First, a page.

12-01 TABLE of CONTENTS:
QUOTES by Dorothy Smith and Senator Joe Biden.
The Misinterpreted Life and Talents of Louisa May Alcott
For money and for no literary satisfaction, in 1868 Louisa May Alcott produced the book Little Women. Fortunately she kept the copyright on it not because she thought it was good, but because she didn't think she could get much money for it. It became a runaway best seller and she was able to pay all the family bills and enjoy a little bit of luxury after the grinding poverty of her childhood and young womanhood.
Bad health, however, plagued her (probably caused from her impoverished childhood and scanty diet) and when, as a dutiful daughter, she nursed her dying mother and then her dying father, her health failed and she died within weeks of her father.
Although some fiction writers passing themselves off as biographers point out that Louisa May died just a few weeks after her father and use it as proof of her devotion, an early letter shows her thinly disguised contempt. "I am very well and very happy. Things go smoothly, and I think I shall come out right and prove that although an Alcott I can support myself."
She wrote differently to her mother when she sold her first book for $32. "Dear Mother, Into your Christmas stocking, I put my 'first born' knowing that you will accept it with all its faults (for Grandmothers are always kind) and look upon it merely as an earnest of what I may yet do; for with so much to cheer me on, I hope to pass in time from fairies and fable to men and realities."
Alcott was a noted suffrage advocate as well as temperance and abolitionist activist. Her early works were signed A. M. Barnard or Flora Fairfield. She wrote poetry and amateur theatricals. In all, she wrote more than 270 works although it was Little Women and the sequels that made her fortune. She hated them and wanted it known she wrote them for money not pleasure or pride. In 1943 Leona Rostenberg in a marvelous job of investigation collected some of LMA's "unknown" stories in Some Anonymous and Pseudonymous Thrillers of Louisa May Alcott yet nothing more of her "lost" writings came to light until 1975 when Behind a Mask: The Unknown Thrillers of Louisa May Alcott was published. More of her "unknown" works were published in 1995.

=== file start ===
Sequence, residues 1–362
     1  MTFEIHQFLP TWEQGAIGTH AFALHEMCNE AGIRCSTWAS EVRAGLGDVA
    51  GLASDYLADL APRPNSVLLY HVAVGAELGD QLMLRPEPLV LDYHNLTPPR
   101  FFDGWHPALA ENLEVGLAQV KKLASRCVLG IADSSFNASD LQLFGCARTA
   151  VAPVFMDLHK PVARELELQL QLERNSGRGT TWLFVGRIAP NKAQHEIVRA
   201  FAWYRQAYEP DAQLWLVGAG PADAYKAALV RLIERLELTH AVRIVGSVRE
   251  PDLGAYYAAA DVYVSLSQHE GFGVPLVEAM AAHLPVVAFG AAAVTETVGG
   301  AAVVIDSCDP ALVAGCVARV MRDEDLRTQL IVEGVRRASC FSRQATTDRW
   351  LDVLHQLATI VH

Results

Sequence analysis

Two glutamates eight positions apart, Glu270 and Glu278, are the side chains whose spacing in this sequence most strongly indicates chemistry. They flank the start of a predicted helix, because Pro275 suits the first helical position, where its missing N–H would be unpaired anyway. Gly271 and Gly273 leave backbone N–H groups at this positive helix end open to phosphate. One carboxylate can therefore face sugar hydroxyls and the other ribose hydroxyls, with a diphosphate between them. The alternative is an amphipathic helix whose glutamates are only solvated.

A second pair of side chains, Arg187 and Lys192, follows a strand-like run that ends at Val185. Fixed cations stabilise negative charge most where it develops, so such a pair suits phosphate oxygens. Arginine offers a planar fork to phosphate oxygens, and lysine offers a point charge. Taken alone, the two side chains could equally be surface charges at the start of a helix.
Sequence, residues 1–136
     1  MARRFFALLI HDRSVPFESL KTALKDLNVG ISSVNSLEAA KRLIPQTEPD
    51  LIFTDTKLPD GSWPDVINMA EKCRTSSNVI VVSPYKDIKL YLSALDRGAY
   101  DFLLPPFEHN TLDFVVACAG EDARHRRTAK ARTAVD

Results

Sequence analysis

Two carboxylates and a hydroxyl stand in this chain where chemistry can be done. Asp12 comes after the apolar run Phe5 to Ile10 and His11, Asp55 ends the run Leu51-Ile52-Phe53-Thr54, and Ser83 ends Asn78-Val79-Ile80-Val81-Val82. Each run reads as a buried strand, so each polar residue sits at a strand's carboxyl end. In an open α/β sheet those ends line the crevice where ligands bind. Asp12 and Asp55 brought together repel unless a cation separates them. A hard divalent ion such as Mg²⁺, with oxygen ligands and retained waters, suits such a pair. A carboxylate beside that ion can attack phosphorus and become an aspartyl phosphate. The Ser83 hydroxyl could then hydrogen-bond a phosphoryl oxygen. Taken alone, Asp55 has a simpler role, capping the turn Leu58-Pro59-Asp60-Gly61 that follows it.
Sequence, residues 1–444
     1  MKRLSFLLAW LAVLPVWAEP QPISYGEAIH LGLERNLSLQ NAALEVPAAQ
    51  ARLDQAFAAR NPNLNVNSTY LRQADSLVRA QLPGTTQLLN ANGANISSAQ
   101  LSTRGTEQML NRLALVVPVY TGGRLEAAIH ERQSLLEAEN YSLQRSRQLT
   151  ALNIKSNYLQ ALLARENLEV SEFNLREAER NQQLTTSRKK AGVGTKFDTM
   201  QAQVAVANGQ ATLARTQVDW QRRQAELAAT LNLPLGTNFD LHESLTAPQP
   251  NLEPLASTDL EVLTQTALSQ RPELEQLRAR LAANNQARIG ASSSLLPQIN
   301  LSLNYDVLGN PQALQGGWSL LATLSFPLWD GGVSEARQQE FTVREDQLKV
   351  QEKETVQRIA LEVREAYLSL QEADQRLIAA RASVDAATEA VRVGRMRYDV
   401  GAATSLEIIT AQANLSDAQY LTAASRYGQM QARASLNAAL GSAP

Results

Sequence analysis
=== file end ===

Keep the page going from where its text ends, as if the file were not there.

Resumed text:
Examples of Sexual Harassment
This list of EXAMPLES OF SEXUAL HARASSMENT was prepared by the Capitol Hill Women's Political Caucus to define sexual harassment in the workplace and set forth guidelines for offices on Capitol Hill for those men who pretend they don't know what politeness, equality, or no mean:
- unsolicited and unwelcome flirtations, advances, or propositions;
- graphic or degrading comments about an employee's appearance, dress or anatomy;
- verbal abuse with sexual connotations;
- display of sexually suggestive objects or pictures;
- ill-received dirty jokes and offensive gestures; -prurient or intrusive questions about an employee's personal life;
- explicit descriptions of the harasser's own sexual experiences;
- the abuse of familiarities or diminutive such as "honey," "sweetheart," "darling" "dear" or "baby"; this can including referring to adult women as "girls";
- whistling, catcalls;
- exposing genitalia;
- unnecessary and unwanted physical contact: touching, hugging, kissing, patting, pinching, tugging at clothing, etc.
- physical/sexual assault; and rape.
12-01 DATES, ANNIVERSARIES, and EVENTS